Yet such a relationship between commercial integration and biosecurity, including its vision of a transformed and nonpathogenic ‘biosecure’ landscape, encounters serious obstacles in the actual practices of duck farmers at Poyang Lake.

Livestock revolutions

Duck farming, and indeed the practice of free-grazing ducks, has a very long history in China.[note 5]The earliest records of free-grazing ducks date to the Ming dynasty (1500 CE) (Huang 1986; Z. Zhang et al. 2015).
 After the Communist Revolution in 1949, however, duck farming was restricted in scale and number. By the late 1950s, rural land had been organized into large collective farms and rural villagers organized into agricultural work teams. Through a centralized state procurement system (tonggou tongxiao), the state managed nearly all agricultural production. In some select communes, duck farming at a large scale continued, including for the purpose of ‘biological’ pest control in a context of limited pesticide availability (Schmalzer 2016). In most areas, however, duck husbandry – along with other ‘sideline’ activities – was redefined as work-time outside of obligations to the collective farm. As a result, duck farming was strictly regulated and limited by state policy and surveillance. For example, during political campaigns the government ‘forced through reductions in the size of private plots [and] implemented very strict limits on the number of ducks and chickens farmers could raise’, according to historian Jonathan Unger (2015, 21).

By the late 1970s, China’s political leaders began to introduce market reforms to the socialist economy, beginning with rural areas. At the very outset of what is known as the Reform and Opening Up Era (gaige kaifang), rural land was distributed to individual households (hu). Each household had a responsibility to meet grain quotas but otherwise could manage agricultural production and work-time as they wished. The breakup of collectivist institutions did not lead to the return of pre-communist lineage systems, and it left the household as the primary rural unit (Santos 2011; Santos and Donzelli 2007). At the same time, unified state procurement was gradually relaxed, with poultry among the first products that were authorized for sale in markets.

According to historian Phillip Huang (1990), the most dynamic sectors of the rural economy during the reform era have been the increasingly market-oriented sidelines, including livestock husbandry. Poultry production has grown rapidly, even exponentially. According to FAO Statistics (2015), chicken production has grown nearly five-fold since 1980, to nearly five billion animals per year. And though on a smaller scale, duck production has grown even more rapidly, increasing nearly seven-fold to almost seven hundred million animals per year (FAO Statistics 2015). By 2013, China accounted for 73 percent of world duck production. This growth is what has prompted observers to announce China’s ‘livestock revolution’ (Delgado et al. 2000; Waldron 2007).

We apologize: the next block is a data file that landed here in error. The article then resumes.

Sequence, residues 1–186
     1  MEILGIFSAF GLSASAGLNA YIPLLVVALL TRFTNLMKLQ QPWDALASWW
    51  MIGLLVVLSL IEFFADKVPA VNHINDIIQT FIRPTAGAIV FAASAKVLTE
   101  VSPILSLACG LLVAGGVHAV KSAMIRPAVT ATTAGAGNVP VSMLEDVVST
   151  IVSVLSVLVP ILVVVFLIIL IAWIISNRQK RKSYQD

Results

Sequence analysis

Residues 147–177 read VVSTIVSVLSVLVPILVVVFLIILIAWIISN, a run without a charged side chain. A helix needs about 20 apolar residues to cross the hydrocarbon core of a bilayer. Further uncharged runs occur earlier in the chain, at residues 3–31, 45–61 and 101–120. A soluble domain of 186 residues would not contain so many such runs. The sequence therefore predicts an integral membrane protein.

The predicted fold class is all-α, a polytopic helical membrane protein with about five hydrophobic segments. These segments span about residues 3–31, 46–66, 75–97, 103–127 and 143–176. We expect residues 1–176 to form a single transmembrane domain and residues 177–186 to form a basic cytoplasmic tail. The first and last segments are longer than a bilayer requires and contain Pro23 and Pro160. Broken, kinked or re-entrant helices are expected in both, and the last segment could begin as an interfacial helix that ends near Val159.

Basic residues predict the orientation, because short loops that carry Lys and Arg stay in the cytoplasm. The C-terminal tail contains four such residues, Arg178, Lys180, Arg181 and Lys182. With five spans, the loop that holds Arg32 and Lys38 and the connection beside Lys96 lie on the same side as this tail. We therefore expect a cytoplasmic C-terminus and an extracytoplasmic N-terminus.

As anthropologists and sociologists have shown, the livestock revolution is more than a quantitative increase in the number of animals raised. More importantly, the livestock revolution has involved changes to the mode of farming and to human-animal relations. Sociologist Li Huaiyin (2009, 280), for example, describes a transition from ‘sideline’ (fuye) to ‘family business’ (jiating jingying) modes of animal husbandry:

Before the 1980s, each household raised a limited number of chickens, pigs, or goats only to augment its primary income from the production team. The team members, who spent most of their time on collective farms, took care of the domestic animals only during their spare time in the early morning or evening, or let their children or the elderly do so. Therefore, they did not care much about the cost and profit of such sidelines. After 1980, especially from the 1990s onward, raising a large number of such animals became a family business that generated most of the family’s income. Therefore, the family had to carefully calculate its labor and capital input to make a profit. (emphasis added)

The emergence of poultry husbandry as a family business, in what is sometimes referred to as ‘specialized households’ (zhuanyehu) because of their focus on producing a single crop or raising a single animal breed, significantly changes human-animal relations. As I will show, this shift also has significant implications for how farmers engage practically with animal diseases.